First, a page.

NBAA2010 Online News Bureau

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Industry Donors and Volunteers Honored for Haiti Relief Efforts

Atlanta, GA, October 20, 2010

For the first time in NBAA Convention history, the Association held a General Session on the show's second day, paying special recognition to the efforts of everyone in the industry who responded to the humanitarian crisis that struck Haiti when the island country was devastated by a 7.0-magnitude earthquake in January of this year.

The hundreds in the business aviation community who contributed to the relief effort were honored with NBAA's Al Ueltschi Award for Humanitarian Leadership. Created in 2006, the award has been presented in the past to Cessna Aircraft Company, Veterans Airlift Command, Corporate Angel Network and the Civil Air Patrol.

Paying Tribute to Humanitarians

"This year we realized that it was not one group that needed to be recognized with the award, but the entire business aviation community that responded to the earthquake in Haiti," said NBAA President and CEO Ed Bolen. After the earthquake hit, the business aviation community immediately helped coordinate relief efforts, mobilizing business airplanes of every size and type to carry supplies and humanitarian volunteers to Haiti.

"Within 30 days of the earthquake, our people took more than three times the supplies to Haiti as the Red Cross," said Bolen, "and 10 percent as much supplies as the U.S. military."

To pay tribute to the pilots, aircraft owners, FBO staff, scheduler/dispatchers, airport officials and many others who responded to the Haiti crisis, Bolen introduced a video told through the first-hand perspectives of people directly involved in the effort. The video highlighted only a few of the many donors and volunteers, including Tradewind Aviation, which relocated two Cessna Caravans to the Dominican Republic in order to fly multiple relief missions to Haiti each day, landing on semi-paved roads in the town of Leogane.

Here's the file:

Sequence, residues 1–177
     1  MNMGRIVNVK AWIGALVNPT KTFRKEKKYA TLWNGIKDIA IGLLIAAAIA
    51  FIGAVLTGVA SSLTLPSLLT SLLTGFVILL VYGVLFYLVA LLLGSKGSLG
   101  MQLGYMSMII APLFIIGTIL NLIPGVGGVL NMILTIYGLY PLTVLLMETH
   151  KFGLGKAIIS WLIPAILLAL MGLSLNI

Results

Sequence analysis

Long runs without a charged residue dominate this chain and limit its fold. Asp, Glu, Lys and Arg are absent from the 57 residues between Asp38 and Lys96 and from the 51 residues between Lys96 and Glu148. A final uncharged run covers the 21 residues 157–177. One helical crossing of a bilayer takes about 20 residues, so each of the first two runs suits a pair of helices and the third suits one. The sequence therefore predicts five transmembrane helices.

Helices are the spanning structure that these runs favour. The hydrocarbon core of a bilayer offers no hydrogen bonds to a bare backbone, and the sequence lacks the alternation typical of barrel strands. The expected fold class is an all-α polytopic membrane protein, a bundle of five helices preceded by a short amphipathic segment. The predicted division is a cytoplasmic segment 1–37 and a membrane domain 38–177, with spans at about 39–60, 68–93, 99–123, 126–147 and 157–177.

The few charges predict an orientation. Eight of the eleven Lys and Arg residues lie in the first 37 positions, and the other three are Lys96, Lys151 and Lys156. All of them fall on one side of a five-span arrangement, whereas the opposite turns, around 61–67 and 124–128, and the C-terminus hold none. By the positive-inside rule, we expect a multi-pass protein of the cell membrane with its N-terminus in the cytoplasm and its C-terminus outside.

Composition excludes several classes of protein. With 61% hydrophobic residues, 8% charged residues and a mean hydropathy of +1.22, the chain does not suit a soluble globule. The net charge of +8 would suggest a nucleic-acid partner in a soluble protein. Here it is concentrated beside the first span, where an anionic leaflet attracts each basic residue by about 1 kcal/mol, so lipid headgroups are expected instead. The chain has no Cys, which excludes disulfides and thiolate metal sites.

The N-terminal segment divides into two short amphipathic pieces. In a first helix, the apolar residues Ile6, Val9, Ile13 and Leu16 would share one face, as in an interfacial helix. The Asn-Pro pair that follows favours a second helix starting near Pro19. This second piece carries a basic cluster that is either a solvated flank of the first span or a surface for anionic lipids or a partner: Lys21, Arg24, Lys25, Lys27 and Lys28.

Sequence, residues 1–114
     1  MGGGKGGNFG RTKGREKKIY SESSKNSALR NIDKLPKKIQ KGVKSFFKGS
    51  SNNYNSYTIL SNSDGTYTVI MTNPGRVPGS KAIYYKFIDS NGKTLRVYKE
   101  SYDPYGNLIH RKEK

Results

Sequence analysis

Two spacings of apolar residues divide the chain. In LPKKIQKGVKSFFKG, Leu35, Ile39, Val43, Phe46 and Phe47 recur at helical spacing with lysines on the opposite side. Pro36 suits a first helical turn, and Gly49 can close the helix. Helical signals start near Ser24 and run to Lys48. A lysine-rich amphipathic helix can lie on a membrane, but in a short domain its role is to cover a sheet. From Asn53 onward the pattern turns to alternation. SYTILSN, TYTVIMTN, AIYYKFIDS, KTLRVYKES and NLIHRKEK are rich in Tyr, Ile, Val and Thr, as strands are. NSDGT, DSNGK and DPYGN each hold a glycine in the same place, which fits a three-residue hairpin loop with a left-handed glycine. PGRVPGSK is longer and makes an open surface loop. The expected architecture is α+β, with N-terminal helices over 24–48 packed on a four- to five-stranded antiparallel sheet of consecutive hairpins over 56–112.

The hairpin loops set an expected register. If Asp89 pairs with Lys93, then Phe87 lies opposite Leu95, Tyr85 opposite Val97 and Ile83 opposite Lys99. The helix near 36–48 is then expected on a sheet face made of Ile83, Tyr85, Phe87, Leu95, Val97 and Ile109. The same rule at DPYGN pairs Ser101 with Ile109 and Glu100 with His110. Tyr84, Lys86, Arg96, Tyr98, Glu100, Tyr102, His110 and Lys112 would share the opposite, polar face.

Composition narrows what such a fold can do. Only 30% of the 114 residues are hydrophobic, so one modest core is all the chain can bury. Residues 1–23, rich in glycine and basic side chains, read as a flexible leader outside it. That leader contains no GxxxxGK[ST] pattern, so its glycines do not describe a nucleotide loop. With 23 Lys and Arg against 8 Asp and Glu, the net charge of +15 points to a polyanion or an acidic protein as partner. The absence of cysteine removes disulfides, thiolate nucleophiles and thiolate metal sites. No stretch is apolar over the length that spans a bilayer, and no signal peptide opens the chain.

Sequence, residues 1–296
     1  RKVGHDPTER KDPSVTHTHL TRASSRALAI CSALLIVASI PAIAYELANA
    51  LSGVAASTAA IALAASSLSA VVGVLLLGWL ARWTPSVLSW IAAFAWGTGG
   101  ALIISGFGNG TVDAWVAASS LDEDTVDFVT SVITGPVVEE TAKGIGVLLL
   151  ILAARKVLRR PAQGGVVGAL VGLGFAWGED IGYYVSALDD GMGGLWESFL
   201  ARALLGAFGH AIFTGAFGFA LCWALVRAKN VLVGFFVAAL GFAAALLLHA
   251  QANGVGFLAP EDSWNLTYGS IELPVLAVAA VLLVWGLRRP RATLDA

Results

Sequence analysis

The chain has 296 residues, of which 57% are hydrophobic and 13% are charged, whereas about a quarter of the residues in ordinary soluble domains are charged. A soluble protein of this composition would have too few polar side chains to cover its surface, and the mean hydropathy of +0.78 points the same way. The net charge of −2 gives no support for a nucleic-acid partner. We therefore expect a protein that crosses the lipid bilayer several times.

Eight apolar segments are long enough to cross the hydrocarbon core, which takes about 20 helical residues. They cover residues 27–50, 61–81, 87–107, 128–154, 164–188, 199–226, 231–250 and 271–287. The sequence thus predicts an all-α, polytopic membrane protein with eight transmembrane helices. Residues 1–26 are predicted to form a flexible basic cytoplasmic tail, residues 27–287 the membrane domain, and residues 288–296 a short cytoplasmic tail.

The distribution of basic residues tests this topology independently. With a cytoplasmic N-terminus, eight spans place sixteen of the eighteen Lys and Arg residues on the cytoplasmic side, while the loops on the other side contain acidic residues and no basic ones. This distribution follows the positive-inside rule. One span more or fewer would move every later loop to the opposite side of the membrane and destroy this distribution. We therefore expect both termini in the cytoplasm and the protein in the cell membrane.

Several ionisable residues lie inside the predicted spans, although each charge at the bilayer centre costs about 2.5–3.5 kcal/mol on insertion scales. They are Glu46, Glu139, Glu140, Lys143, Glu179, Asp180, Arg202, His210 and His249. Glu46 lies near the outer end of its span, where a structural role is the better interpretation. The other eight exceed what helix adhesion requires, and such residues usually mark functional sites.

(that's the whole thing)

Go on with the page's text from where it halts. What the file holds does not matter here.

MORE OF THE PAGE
"The destruction in Leogane was so much greater," said Tradewind chief pilot Adam Schaefer on the video. "These were people who, until we brought tarps in, had nothing to sleep under, until we brought food in, had nothing to eat."

Tradewind's relief flights are only one example of how business airplanes were essential to reaching communities far from the international airport in Port-au-Prince. The earthquake destroyed many of the country's roads, and few of the outlying airports had runways longer than 3,500 feet – not long enough for military and commercial aircraft to land.

Also featured in the video was C.A.R.E. (Corporate Aircraft Responding in Emergencies), the volunteer network that matched humanitarian groups needing transport to Haiti with volunteer aircraft, and Banyan Air Service, the FBO at Fort Lauderdale Executive Airport (FXE) that became the staging ground for dozens of relief teams and thousands of pounds of supplies bound for Haiti.

"We became a depot center," said Sueanne Campion, C.A.R.E. coordinator for Banyan, on the video. "Our job was to make sure no aircraft left South Florida empty."

Recognizing Heroes

Bolen noted at the conclusion of the video that the remarkable story of business aviation's response in Haiti was not just a community story. "After hearing this story," Bolen said, "Republicans and Democrats, the House and the Senate, joined together and passed a joint resolution recognizing business aviation for its response to Haiti."

Not only were members of Congress moved by the business aviation community's response, but NBAA's leadership and staff were as well, said Bolen.

"When Hurricane Katrina hit, NBAA created a volunteer registry, which was kicked into gear in Haiti and used effectively by many groups," said Bolen. "That name didn't quite reflect the caliber of the people who volunteered, so today we are announcing we will change the name to our Humanitarian Emergency Response Operators (HERO) database. NBAA is creating a HERO list, because all of you, who gave so much, have inspired us."